William F. Buckley Jr., the founder of National Review, wrote a column on February 9 for Universal Press Syndicate titled, “Death for the Pope.” He began his piece as follows: “At church on Sunday the congregation was asked to pray for the recovery of the pope. I have abstained from doing so. I hope that he will not recover.”
Here is what William Donohue told the press:
“The kindest thing that can be said of Bill Buckley’s vile column is that he’s gone off the deep end. It matters not a whit that he calls the pope ‘a major historical figure,’ because even the most inveterate anti-Catholic must acknowledge as much. Indeed, even the biggest Catholic basher in the world is not likely to write, ‘So, what is wrong with praying for his death?’ If you have to ask, sir, then you are beyond hope.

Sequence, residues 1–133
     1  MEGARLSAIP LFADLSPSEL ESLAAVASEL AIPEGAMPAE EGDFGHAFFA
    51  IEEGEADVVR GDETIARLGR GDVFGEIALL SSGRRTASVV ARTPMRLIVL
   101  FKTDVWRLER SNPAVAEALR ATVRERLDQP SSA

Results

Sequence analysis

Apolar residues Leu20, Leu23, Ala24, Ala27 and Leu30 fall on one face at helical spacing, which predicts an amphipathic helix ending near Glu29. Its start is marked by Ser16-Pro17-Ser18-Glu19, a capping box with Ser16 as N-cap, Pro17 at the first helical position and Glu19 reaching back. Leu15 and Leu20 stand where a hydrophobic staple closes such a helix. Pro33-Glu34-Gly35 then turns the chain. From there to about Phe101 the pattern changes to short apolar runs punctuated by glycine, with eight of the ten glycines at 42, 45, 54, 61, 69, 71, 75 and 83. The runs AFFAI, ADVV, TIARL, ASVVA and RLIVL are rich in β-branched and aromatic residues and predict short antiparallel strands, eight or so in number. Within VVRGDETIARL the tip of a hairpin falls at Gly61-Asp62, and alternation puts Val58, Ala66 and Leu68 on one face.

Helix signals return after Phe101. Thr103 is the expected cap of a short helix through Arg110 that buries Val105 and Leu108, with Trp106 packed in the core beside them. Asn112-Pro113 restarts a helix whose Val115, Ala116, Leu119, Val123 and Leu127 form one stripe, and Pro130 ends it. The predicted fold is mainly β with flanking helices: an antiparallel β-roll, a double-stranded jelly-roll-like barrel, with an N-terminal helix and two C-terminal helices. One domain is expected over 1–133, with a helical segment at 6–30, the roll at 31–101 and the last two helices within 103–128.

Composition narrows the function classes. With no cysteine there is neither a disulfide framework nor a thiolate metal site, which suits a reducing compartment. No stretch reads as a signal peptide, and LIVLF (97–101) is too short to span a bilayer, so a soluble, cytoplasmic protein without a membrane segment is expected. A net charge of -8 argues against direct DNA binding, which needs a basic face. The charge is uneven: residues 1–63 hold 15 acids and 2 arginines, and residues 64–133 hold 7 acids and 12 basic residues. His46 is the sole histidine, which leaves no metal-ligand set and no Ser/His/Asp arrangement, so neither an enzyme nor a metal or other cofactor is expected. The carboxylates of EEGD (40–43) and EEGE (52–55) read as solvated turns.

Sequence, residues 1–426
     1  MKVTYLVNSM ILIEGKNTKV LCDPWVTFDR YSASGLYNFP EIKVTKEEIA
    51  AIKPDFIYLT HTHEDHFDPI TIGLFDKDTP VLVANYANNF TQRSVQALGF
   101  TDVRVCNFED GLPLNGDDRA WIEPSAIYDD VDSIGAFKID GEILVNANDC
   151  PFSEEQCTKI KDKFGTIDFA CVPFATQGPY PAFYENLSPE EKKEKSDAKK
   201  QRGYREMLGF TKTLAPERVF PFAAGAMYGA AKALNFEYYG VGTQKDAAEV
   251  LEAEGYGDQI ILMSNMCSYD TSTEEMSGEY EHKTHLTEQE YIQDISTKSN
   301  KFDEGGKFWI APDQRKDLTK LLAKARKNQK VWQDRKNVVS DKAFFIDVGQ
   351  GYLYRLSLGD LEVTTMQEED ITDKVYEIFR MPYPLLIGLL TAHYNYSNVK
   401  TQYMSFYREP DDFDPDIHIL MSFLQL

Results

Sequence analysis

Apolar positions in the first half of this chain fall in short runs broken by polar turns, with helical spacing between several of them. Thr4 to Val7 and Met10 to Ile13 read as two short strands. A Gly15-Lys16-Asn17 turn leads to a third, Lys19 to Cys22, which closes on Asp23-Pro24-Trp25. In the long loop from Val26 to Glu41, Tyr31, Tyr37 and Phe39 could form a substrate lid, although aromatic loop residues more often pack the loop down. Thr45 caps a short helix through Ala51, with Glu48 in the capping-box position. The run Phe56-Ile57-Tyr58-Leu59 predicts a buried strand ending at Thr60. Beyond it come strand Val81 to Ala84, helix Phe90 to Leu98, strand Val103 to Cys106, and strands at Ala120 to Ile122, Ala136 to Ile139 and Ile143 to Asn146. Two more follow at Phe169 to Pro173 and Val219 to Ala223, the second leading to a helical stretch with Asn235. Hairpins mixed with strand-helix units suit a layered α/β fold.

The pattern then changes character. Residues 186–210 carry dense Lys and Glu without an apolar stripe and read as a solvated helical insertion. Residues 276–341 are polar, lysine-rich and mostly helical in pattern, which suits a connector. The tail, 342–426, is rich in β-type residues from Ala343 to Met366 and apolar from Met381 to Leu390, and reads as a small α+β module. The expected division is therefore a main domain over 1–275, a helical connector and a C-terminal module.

“This is so tragic. Having lived a life of distinction, Bill Buckley will now be remembered as the guy who had a death wish for the pope.”
Had Buckley simply said that it was time for the pope to retire, there would have been no hullabaloo. But that wasn’t enough for the conservative stalwart. He had to take the extra step of wishing—indeed praying—for the speedy death of the pope.
We recognize the great good that Bill Buckley has done in his lifetime, and we wish him many good years to come. We just wish he’d never written this piece.